Insure As You Go
Telematics use in vehicles is still in its infancy, but clever companies are already figuring out how to make it pay. Case in point: the United Kingdom’s largest insurance company, Norwich Union, will launch a pilot program this year called “Pay As You Drive” that will use telematics to determine when, where and how often vehicles are driven and calculate premiums accordingly. The program will equip the vehicles of 5,000 volunteer motorists with telematics devices that will relay each vehicle’s status back to the insurance company via the UK’s wireless phone network. IBM is providing the telematics architecture, device specifications and software for the venture. Jim Ruthven, director, IBM Global Telematics Solutions, says projects like this are now possible because, “Technical barriers have come down to the point that we can now deliver this technology in a cost effective way.” One of the ways IBM does that is by designing telematics infrastructures so that they can be utilized by many different companies. Each company gets its own secure customized functions while, in effect, sharing the costs of the back end componentry. Ruthven sees the Norwich Union program as the first of many such efforts. (In fact, IBM is currently working with the insurance company that covers 80% of New York City cabs on a telematics system that will automatically collect and transmit accident data.) He says, “When companies get access to data, great things happen.”
The “connected community” view smacks of just the kind of overreaching that got telematics in trouble in the first place, but supporters say it isn’t. That’s because the ecosystem spreads risk across many companies, each of which is doing what it knows best, instead of concentrating most of the risk in one entity. Also, the proliferation of smart phones and PDAs in the U.S. is beginning to provide the infrastructure needed to make telematics work on a large, profitable scale. Bustillos calls these devices “the perfect receptors for the services that telematics had envisioned in the past.”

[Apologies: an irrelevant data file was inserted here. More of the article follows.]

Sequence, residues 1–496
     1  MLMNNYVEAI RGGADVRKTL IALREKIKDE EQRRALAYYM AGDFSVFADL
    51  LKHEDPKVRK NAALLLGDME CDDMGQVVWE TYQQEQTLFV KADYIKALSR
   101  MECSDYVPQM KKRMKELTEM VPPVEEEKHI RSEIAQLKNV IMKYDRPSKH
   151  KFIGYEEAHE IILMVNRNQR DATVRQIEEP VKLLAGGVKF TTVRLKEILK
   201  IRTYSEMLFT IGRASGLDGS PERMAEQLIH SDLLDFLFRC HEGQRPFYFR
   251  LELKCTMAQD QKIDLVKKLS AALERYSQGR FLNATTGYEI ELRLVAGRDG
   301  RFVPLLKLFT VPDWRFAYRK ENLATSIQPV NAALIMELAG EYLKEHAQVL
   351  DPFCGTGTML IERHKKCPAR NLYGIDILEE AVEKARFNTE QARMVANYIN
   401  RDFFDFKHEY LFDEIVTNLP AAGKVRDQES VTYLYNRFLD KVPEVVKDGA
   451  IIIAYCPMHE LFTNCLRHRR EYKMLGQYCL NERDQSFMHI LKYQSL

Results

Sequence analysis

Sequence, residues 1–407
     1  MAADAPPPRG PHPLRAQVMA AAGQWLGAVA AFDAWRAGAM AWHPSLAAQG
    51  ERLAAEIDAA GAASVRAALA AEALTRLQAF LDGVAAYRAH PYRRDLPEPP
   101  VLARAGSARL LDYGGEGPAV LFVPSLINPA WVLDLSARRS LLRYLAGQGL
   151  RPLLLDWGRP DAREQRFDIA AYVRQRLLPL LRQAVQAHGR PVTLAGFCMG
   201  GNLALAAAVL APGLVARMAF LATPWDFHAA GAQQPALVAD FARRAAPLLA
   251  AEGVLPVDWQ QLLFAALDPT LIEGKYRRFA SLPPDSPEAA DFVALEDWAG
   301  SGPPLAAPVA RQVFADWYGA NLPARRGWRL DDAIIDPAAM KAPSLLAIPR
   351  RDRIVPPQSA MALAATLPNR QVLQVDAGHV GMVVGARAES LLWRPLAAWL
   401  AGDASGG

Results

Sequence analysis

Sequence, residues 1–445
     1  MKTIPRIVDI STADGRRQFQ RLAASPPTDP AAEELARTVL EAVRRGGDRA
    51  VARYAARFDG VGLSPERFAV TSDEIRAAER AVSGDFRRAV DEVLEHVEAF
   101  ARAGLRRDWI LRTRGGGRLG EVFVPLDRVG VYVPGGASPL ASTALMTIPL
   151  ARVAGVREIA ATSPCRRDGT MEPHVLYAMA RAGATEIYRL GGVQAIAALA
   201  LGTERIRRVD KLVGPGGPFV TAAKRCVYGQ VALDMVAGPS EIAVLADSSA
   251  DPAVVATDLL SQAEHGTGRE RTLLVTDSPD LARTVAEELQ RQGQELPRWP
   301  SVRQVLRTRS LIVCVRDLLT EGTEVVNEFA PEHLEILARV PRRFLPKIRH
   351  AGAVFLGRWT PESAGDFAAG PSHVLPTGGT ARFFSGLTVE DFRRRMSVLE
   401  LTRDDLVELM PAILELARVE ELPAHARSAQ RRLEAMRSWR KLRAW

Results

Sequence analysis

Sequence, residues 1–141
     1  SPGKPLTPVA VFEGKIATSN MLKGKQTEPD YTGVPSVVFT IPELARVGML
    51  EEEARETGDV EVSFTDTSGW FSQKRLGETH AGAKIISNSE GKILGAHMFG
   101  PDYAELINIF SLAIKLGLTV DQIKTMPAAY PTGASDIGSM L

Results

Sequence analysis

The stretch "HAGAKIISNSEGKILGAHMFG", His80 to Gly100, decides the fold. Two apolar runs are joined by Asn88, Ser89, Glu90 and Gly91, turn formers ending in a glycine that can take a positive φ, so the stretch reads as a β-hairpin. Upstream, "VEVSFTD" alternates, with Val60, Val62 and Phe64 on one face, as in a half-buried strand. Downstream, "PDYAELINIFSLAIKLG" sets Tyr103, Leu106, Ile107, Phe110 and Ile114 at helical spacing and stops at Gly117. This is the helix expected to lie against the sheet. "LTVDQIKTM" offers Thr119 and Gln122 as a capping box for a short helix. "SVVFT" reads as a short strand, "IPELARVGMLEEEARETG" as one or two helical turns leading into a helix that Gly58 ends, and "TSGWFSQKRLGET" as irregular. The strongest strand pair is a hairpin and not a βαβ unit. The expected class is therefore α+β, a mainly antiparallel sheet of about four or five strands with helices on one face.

Who Pays? Those involved with the development of automotive telematics agree that once widely installed, it will offer companies and customers tremendous benefits. But who pays to get telematics in vehicles? Three main alternatives have emerged: (1) customers (through monthly subscription fees), (2) automakers, or (3) third parties who want to mine data from vehicles. The customer subscription model is the most dominant because it is used by industry leader OnStar. But Millstein (who as the head of the number two TSP in North America is a major OnStar competitor) thinks that model is deeply flawed. “No rational CEO would put a $500 telematics system in a vehicle in the hope they will get enough subscribers to stay on long enough to get some kind of payback,” he says. (His response to OnStar’s recent announcement that it has finally become profitable: “I don’t believe they’re making a dime. And if they are making money they’re doing it by shifting costs back to the car brand.”) He thinks that convincing automakers to foot the bill for installing telematics hardware based on prognostic benefits is the best way to get the high installation rates that will drive the industry.
The third option of having data-hungry companies like radio ratings services pick up the tab will probably not come to fruition until the market matures. Though variations on that theme are already in testing. (See box: “Insure as You Go.”) Indeed, even talking about that eventuality makes many telematics experts uneasy since it conjures a Big Brother image that car owners may find uncomfortable.
Of course, the dominant model could end up being a mixture of all three, with customers paying a minimal fee, automakers subsidizing some of the costs for competitive reasons, and third parties picking up the rest. Julian Styles, business and technology mana-ger at Pi Technology even suggests, “We will reach a cost breakeven point on telematics a lot quicker if legislation drives it.” Since a universal government mandate (most likely designed to enhance public safety by making emergency and accident avoidance services available to every driver) would mean soaring volumes and plummeting per unit costs.